It was the celebration dinner of the National Joint Consultative Council in Norwich, and they were there to hand out prizes and watch a slide show of brickwork that was absolutely perfect. As were the slides of stonework, carpentry and plastering. There were slides of roof design, of openings, of a church screen that were a joy.
I watched the watchers. There were more than 250 of them. They lapped up the success, the quality, the high standard brought about by real putter-upperers. I saw no one lose interest, no yawns, no chattering. And then, when the prizes were handed out, there was an acknowledgement of the work of the whole team – the architect and builder and client, too. Then more joy because prizes were handed out to the best apprentices – lads who are the next generation of craftsmen, lads who already know that painting and decorating is what can make or break the finished job. What is it about this quality that instantly converts a piece of construction into something well above average?
And do you know that none of this high-quality work was in accordance with the contract? JCT Minor Works requires the contractor to build in a good and workmanlike manner. So, too, does the JCT Intermediate Form. JCT98 broadens things: it requires the workmanship to be in accordance with whatever is specified in the documents, and where it is to meet the satisfaction of the architect, it must be of a reasonable standard. The engineering forms such as ICE can be said only to require standard workmanship.
In any event, an ordinary building contract, whether written or oral, will carry an implied term that the workmanship is to be good and workmanlike … that's all. So, when a chippy makes a real top-quality job of the junction between the barge board and the soffit, he is not acting in accordance with the contract; he is giving more than the customer bargained for.
It dawned on me that hardly ever do I see a contract that calls expressly for a higher than ordinary standard of work. The work need only be of average quality to comply with legal obligations. Average brickwork is OK, average plastering, average painting and decorating … A case in the 1950s hinted that a building "built down to a price" may only have to reach the standard for that type of bargain.
An ordinary building contract will carry an implied term that the workmanship is to be workmanlike … and that’s all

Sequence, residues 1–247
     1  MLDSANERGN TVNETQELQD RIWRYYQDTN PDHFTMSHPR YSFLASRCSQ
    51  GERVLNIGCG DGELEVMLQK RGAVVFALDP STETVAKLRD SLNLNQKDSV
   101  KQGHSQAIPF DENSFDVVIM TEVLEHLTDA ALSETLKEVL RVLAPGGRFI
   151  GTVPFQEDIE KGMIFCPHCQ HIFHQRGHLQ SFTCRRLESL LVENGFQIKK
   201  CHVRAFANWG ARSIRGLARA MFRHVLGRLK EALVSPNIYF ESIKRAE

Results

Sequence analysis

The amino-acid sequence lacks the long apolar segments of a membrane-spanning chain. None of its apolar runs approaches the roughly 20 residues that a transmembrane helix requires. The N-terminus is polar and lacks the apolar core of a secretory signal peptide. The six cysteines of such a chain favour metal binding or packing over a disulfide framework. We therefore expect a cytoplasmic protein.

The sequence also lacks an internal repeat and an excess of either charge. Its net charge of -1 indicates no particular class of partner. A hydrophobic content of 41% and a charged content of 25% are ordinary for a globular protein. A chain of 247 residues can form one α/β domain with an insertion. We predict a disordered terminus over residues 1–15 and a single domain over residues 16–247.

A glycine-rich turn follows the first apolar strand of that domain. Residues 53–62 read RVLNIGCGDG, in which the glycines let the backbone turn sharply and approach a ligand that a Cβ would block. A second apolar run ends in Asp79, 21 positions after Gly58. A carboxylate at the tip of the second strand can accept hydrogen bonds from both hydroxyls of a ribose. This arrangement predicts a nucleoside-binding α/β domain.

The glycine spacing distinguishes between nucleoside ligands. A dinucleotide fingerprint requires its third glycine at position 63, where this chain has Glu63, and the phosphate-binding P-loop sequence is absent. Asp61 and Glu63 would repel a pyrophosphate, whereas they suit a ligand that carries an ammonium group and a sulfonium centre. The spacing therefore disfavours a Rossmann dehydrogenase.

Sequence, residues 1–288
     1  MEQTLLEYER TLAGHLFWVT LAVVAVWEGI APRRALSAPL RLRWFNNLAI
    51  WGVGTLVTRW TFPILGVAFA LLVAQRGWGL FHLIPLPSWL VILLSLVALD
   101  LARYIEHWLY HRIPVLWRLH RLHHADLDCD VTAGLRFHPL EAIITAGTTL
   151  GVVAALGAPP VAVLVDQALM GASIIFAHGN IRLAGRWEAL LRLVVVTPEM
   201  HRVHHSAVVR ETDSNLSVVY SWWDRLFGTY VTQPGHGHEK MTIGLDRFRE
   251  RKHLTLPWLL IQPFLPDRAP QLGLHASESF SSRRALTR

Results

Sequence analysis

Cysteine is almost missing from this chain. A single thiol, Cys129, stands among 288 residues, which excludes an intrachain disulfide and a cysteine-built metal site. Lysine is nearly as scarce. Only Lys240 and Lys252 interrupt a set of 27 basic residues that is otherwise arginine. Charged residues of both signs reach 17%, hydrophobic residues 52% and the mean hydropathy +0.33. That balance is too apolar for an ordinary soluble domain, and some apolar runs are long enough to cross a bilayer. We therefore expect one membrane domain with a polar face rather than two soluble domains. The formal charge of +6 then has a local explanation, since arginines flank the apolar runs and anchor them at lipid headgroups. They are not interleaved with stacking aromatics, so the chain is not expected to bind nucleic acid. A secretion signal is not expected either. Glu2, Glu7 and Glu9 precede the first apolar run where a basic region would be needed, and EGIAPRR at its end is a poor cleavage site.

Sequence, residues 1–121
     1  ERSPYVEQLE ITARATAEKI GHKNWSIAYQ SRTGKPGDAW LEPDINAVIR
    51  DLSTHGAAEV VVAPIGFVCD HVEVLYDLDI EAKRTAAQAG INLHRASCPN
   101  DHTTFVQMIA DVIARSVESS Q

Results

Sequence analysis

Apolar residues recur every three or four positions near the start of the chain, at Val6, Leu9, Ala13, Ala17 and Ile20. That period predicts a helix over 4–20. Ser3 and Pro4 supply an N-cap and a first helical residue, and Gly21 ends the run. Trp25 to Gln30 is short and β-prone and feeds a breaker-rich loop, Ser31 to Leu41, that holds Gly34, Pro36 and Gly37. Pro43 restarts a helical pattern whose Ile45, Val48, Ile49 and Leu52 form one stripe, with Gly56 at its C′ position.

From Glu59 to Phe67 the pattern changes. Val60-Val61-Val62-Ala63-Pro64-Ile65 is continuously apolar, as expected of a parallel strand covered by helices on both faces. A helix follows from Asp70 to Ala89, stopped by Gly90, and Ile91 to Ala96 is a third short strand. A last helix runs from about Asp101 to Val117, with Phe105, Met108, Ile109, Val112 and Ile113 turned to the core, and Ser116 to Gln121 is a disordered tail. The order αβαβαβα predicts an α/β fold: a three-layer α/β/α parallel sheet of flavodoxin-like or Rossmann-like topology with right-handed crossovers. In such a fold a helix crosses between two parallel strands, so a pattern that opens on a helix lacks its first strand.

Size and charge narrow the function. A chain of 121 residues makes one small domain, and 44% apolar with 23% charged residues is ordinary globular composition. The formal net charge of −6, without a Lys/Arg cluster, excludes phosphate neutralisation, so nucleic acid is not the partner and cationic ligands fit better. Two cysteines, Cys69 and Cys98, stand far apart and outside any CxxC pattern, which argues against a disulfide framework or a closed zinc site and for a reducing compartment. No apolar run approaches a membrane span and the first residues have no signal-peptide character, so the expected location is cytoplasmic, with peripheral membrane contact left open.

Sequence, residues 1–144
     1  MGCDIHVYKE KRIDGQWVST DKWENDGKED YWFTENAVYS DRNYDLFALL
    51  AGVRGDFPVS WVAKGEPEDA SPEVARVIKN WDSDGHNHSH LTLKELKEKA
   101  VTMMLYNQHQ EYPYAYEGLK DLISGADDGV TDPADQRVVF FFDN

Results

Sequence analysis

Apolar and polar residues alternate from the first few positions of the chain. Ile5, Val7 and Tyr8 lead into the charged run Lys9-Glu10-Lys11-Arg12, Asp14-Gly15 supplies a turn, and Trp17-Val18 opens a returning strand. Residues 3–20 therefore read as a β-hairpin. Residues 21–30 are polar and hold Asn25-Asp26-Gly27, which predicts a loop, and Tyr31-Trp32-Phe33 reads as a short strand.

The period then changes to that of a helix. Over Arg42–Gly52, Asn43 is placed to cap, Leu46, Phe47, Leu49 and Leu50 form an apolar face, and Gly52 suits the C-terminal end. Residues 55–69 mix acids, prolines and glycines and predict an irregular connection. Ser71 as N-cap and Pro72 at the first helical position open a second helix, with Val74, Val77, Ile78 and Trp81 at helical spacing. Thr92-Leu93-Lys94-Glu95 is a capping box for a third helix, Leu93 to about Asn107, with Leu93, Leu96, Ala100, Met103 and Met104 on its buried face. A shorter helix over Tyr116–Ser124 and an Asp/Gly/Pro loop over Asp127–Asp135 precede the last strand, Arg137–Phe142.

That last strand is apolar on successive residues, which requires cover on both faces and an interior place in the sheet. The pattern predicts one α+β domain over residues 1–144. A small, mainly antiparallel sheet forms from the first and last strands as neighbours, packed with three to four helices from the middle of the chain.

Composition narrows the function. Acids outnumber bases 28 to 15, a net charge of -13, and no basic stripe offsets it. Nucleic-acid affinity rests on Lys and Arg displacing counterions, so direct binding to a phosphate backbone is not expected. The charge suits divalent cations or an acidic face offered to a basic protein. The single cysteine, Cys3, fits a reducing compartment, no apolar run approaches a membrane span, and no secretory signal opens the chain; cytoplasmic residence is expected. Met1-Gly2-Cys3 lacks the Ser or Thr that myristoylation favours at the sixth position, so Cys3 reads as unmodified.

But put all that aside. How about some of you architects upgrading the standard of workmanship from ord to alpha? What I mean is, coax your client to go for craftsman quality of the sort my builder friends in Norfolk can produce. Alpha is first-quality work. Ord is the ordinary everyday contractual standard. The client, of course, pays more for alpha. But real builders will be very happy to take on this work. They love doing a great job. This, however, must be explicit in the contract. Do not hide the message on page 491 of the specification. Print the alpha sign on every page of every document. Maybe we can coax JCT to print its forms as JCT Minor Works Alpha and JCT98 Alpha. Explain in the specification that alpha is first quality, not ordinary quality, work.
And can you clients and architects introduce alpha forthwith? Why? Because I have a feeling that all the high falutin', clever talk of reforming construction into an assembly line activity is the beginning of dumbing down. Yes, you can build factories in factories and assemble them on site. Yes, you can knock out Honda cars that are perfect – and perfectly dull (they are, they are). But I want a building that feels good. Do you know what I mean? A prefab doesn't have a personality. Beautiful stonework, beautiful joinery, beautiful finish is art, done by lads and lasses with feeling.
We can defeat dumbing down by calling for craftsmen on site. It won't take much more than the alpha sign on the next tender document.
Of course, you could ask for an extra over price for alpha quality … test the water.
Come on, all you clients. Don't build down, build up. You might win next year's prize.
Tony Bingham is a barrister and arbitrator specialising in construction